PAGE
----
# Questions To Help You Practice For Your Data Science Interview

##### Categories

*An overview of the types of questions in a Data Science interview along with the hands on practice using our platform.*

In 2012, Harvard Business Review called Data Scientist the sexiest job of the 21st century and the growing trend in the number of job openings for Data Scientist seems to be confirming that statement. With the increase in data, most of the companies today are leveraging Data Science heavily to make informed business decisions and to find out areas of growth for their business. Data Scientists play a key role in this. As a Data Scientist, you need to have a lot of skills; Coding Skills, Statistical Analysis, Probability, Problem Solving, Technical Knowledge, Business Acumen, etc. For the interview there are many areas the candidate can be judged on.

Due to the broad nature of a Data Scientist role, it becomes quite overwhelming for the candidates. Most of the candidates find it very difficult to get through the recruitment process. In this article, we will see the types of questions that can be asked in the Data Science interview. The Data Science interview questions can be either divided into two major categories or can be divided into 8 smaller categories.

Two main categories:

- Coding Questions
- Non-Coding Questions

The non-coding questions can be divided further into different categories:

- System Design
- Probability
- Statistics
- Modeling
- Technical
- Product

Before moving on with the questions, let’s see what is the role of a Data Scientist in the company:

## What Does a Data Scientist do?

Data Scientists are analytics experts in the organization that helps the business to make informed decisions and enable innovation in the company. Data Scientists are the go-to people in the company who organize and analyze large sets of structured and unstructured data and derive insights from them. These folks are the experts in analytics, machine learning, problem solvings skills and interpreting the insights to convert them into actionable business decisions. They design data modeling processes, create advanced ML algorithms and predictive models for extracting the desired data for Business needs.

For gathering and analyzing the data, Data Science professionals has the below responsibilities:

- Acquire the Data from various sources
- Data Cleaning and Processing
- Combining the relevant data sources based on the business needs
- Storing the Data
- Exploratory Data Analysis
- Defining the Problem at hand and planning
- Choosing Predictive Models and Algorithms
- Measuring and Improving Results
- Communicating results to the stakeholders for taking actions
- Repeat the process to solve another problem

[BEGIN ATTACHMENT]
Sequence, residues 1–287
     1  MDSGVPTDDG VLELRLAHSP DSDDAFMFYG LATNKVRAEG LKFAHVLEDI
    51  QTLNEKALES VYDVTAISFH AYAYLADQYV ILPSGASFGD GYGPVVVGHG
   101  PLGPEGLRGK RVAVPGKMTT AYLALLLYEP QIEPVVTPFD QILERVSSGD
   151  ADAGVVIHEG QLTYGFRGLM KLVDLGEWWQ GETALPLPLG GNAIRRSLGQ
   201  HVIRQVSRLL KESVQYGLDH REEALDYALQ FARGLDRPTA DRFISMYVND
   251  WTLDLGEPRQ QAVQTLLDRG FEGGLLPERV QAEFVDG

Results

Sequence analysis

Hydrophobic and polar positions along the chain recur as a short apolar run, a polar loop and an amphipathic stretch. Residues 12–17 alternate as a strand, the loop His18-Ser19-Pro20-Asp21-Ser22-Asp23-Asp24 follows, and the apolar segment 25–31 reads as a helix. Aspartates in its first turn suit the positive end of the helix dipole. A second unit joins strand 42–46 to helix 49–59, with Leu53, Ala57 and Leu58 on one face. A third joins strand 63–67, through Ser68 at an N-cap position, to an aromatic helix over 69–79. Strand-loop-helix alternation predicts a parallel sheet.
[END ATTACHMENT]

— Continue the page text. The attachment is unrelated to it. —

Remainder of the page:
Here’s the ultimate guide “*What Does a Data Scientist Do?*” that will lead you through the various aspects of working in data science.

**Coding**

After analyzing the Data Science interview questions from across 80 different companies, coding questions seem to be the most dominant one. These are the types of questions in which the interviewer will test the programming acumen of the candidate. The language can be anything; SQL, Python, R or any other programming language required for that specific job. Coding is one of the most important skills for the Data Scientist.

FAANG companies focus a lot on coding questions. Out of all the Data Science questions from Glassdoor, Indeed, etc., close to 50% of the questions were coding related. Coding questions can be defined as questions that either need a programming language or a pseudocode to solve a specific problem. Coding questions are designed to understand the candidate’s ability to solve the problem, to understand their thought process and their comfort level with the programming language, check their creativity, etc. The importance of coding questions in data science interviews cannot be overstated as the vast majority of data science roles involve coding on a regular basis.

Typically most of these data science companies test you on two major languages; Python and SQL. Today, we will be looking at some of the coding questions that have been asked in the interviews and do hands-on practice using the StrataScratch platform.

**SQL**

#### Data Science Interview Questions #1: Monthly Percentage Difference

Link to the question: https://platform.stratascratch.com/coding/10319-monthly-percentage-difference

In this question from Amazon, we need to calculate the month-over-month percentage change in revenue. The output should have data in YYYY-MM format and percentage change should be rounded to the 2nd decimal point and sorted from beginning to end of the year.